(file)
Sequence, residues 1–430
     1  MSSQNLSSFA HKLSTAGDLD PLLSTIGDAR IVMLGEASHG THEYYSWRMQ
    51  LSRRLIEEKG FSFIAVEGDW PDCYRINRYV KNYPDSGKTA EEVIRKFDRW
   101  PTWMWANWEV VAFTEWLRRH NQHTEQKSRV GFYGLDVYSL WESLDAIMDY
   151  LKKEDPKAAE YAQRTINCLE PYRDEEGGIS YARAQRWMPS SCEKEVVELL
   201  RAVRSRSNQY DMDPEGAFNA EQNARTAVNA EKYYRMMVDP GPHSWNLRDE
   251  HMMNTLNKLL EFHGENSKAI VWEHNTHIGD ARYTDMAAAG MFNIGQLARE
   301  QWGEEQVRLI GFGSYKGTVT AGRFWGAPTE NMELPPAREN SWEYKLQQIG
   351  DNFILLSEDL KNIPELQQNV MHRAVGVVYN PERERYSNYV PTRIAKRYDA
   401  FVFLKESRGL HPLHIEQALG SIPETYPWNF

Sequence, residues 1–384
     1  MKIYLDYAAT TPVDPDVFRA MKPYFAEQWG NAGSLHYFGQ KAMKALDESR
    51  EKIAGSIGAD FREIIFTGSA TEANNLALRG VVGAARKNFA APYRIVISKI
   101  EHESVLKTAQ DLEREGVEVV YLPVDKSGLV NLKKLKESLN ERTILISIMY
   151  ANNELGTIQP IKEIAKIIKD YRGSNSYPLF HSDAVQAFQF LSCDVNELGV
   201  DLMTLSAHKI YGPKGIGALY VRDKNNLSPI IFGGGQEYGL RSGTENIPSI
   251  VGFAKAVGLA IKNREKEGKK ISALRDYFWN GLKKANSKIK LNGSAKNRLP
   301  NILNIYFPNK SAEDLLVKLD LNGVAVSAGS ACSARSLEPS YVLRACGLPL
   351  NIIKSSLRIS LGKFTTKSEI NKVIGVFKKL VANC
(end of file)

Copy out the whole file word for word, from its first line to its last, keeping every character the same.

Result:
Sequence, residues 1–430
     1  MSSQNLSSFA HKLSTAGDLD PLLSTIGDAR IVMLGEASHG THEYYSWRMQ
    51  LSRRLIEEKG FSFIAVEGDW PDCYRINRYV KNYPDSGKTA EEVIRKFDRW
   101  PTWMWANWEV VAFTEWLRRH NQHTEQKSRV GFYGLDVYSL WESLDAIMDY
   151  LKKEDPKAAE YAQRTINCLE PYRDEEGGIS YARAQRWMPS SCEKEVVELL
   201  RAVRSRSNQY DMDPEGAFNA EQNARTAVNA EKYYRMMVDP GPHSWNLRDE
   251  HMMNTLNKLL EFHGENSKAI VWEHNTHIGD ARYTDMAAAG MFNIGQLARE
   301  QWGEEQVRLI GFGSYKGTVT AGRFWGAPTE NMELPPAREN SWEYKLQQIG
   351  DNFILLSEDL KNIPELQQNV MHRAVGVVYN PERERYSNYV PTRIAKRYDA
   401  FVFLKESRGL HPLHIEQALG SIPETYPWNF

Sequence, residues 1–384
     1  MKIYLDYAAT TPVDPDVFRA MKPYFAEQWG NAGSLHYFGQ KAMKALDESR
    51  EKIAGSIGAD FREIIFTGSA TEANNLALRG VVGAARKNFA APYRIVISKI
   101  EHESVLKTAQ DLEREGVEVV YLPVDKSGLV NLKKLKESLN ERTILISIMY
   151  ANNELGTIQP IKEIAKIIKD YRGSNSYPLF HSDAVQAFQF LSCDVNELGV
   201  DLMTLSAHKI YGPKGIGALY VRDKNNLSPI IFGGGQEYGL RSGTENIPSI
   251  VGFAKAVGLA IKNREKEGKK ISALRDYFWN GLKKANSKIK LNGSAKNRLP
   301  NILNIYFPNK SAEDLLVKLD LNGVAVSAGS ACSARSLEPS YVLRACGLPL
   351  NIIKSSLRIS LGKFTTKSEI NKVIGVFKKL VANC